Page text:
Long awaited plans to introduce a minimum price on alcohol have been published by Scottish Health Secretary Nicola Sturgeon.
The proposed price, of 45p per unit, will be introduced as an amendment to the Alcohol (Scotland) Bill and is expected to be resisted by opposition parties.
The change in pricing would mean a two-litre bottle of supermarket-brand cider would treble in price from about £1.30 to almost £3.80, while supermarket-brand vodka would go up from about £8 to £11.80.
The Health Secretary said the move would bring “significant” health benefits, including 50 fewer alcohol-related deaths in the first year, 1,200 fewer hospital admissions and savings of £5.5 million savings for the Scottish NHS.
Speaking at a press conference in Edinburgh, Miss Sturgeon said: “For too long, too many Scots have been drinking themselves into an early grave.
“It is no coincidence that as the affordability of alcohol has plummeted in recent decades, alcohol-related deaths, disease, crime and disorder have spiralled.”
Last week The Alcohol Commission, which has links to the Scottish Labour Party, rejected minimum pricing and instead called for a UK-wide ‘floor price’ on alcohol.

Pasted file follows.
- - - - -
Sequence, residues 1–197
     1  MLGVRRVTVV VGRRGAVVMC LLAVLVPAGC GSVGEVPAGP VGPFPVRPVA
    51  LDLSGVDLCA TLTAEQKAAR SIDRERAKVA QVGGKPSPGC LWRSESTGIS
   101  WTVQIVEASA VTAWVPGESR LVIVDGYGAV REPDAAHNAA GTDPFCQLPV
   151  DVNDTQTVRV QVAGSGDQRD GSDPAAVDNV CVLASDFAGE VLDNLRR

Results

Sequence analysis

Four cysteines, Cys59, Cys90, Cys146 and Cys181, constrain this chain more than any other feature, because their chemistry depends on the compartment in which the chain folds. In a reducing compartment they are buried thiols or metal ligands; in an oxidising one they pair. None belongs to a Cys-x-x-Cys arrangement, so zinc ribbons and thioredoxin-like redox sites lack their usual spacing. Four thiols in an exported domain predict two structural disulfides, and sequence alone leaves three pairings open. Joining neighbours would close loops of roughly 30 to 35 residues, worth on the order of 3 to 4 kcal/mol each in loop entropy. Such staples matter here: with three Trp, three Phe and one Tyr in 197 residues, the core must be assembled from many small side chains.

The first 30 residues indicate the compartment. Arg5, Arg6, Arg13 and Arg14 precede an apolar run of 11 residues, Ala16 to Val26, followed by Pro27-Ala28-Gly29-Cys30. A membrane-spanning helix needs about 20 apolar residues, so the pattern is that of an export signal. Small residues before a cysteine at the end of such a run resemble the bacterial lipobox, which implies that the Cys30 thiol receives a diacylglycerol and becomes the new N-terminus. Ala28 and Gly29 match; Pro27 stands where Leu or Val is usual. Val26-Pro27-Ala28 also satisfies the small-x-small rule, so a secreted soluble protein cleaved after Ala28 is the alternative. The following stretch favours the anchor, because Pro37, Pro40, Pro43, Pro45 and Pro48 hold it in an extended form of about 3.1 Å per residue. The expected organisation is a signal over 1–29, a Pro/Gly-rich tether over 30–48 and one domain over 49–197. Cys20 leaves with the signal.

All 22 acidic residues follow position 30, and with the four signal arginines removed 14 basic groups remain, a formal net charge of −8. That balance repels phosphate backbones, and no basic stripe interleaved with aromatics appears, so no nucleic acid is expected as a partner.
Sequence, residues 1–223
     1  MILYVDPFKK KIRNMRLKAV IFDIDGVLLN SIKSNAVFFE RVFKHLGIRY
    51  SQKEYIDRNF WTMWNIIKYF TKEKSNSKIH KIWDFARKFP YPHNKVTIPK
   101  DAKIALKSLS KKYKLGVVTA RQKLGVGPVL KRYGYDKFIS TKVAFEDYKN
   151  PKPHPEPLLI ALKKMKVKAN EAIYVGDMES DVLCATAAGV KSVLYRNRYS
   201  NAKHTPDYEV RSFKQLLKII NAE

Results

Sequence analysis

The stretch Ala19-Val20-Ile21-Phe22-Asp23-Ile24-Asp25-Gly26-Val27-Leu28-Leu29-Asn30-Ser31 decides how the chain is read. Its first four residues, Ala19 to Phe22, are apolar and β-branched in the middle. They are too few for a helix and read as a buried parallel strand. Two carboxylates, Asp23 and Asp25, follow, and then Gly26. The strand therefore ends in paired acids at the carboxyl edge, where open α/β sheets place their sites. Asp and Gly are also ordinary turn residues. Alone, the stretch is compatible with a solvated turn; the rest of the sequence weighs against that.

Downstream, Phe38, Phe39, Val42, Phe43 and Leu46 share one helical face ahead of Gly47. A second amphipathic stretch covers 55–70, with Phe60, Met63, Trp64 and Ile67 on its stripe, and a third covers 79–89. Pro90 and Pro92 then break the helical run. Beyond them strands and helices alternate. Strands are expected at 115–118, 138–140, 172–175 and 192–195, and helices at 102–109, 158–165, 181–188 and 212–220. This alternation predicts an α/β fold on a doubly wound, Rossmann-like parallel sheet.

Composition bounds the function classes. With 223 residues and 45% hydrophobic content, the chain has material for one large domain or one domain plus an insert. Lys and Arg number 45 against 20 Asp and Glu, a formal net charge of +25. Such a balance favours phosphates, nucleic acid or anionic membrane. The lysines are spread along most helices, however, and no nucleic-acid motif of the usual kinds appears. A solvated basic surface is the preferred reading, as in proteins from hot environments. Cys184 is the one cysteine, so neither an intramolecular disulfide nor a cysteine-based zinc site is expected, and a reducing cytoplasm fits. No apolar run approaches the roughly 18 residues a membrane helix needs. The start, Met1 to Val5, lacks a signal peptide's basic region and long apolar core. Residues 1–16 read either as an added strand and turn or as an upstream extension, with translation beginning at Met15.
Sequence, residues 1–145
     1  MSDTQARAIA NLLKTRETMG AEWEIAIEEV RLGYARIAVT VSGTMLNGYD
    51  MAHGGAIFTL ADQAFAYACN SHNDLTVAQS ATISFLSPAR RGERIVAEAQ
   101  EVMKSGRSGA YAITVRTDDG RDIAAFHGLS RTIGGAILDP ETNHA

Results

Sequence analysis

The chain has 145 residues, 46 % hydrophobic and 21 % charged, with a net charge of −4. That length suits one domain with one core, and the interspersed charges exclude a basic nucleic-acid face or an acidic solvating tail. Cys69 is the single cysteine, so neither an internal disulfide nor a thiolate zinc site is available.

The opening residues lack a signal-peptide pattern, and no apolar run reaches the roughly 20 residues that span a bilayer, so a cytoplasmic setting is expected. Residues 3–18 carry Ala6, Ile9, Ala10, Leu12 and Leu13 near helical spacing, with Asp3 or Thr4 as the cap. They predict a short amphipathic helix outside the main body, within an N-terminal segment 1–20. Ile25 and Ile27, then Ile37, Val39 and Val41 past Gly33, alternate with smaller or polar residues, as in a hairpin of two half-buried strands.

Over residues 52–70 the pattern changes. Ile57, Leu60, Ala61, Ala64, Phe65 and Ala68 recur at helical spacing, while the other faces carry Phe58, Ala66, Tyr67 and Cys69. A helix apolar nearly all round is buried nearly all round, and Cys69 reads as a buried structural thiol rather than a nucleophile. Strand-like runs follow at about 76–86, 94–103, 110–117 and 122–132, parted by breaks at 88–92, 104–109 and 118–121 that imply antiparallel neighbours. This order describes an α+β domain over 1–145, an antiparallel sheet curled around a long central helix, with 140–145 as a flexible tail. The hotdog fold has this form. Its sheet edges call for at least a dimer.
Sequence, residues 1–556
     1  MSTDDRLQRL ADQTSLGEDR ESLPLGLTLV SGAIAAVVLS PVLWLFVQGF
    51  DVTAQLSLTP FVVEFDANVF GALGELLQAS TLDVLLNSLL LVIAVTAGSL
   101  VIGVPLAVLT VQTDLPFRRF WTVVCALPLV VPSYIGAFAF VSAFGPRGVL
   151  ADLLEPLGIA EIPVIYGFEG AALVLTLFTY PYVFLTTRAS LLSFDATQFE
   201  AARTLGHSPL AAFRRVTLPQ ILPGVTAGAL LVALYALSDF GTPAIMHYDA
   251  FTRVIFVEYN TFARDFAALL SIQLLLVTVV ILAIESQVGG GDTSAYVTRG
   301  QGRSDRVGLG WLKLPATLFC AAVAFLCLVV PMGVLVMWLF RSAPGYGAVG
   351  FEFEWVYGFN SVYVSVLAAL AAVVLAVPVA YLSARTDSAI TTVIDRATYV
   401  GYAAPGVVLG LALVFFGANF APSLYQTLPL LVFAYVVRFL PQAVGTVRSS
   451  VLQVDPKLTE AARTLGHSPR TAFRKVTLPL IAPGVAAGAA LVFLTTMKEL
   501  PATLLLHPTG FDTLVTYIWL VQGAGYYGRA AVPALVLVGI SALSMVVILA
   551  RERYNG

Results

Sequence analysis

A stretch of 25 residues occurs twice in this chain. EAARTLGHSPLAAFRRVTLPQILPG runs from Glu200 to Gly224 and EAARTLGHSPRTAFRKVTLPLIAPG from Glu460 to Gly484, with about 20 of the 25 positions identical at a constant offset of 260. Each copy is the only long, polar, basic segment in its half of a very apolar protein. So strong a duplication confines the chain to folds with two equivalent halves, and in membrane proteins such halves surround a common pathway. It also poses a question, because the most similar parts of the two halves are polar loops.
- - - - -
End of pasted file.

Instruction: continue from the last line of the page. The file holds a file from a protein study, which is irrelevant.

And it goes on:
This would mean alcoholic drinks could not be sold for less than their production costs plus tax.
Among other recommendations the Commission said booze companies should stop sponsoring sporting events and proposed that council and Government meetings should be alcohol-free.
The Scottish Daily Mail recently reported on a YouGov poll in which 40 per cent of respondents said they were in favour of introducing minimum pricing to tackle binge drinking. The poll found 47 per cent were opposed to the measure.
It also said 76 per cent of those questioned in the UK-wide survey believed a minimum price would not affect how much alcohol they consumed.
In June MSPs voted against the inclusion of plans for minimum pricing in the Alcohol (Scotland) Bill.
In January a study from the University of York found that alcohol abuse costs every Scottish adult around £900 per year.
The study also estimated the total burden to Scotland’s public purse to be around £3.56 billion a year.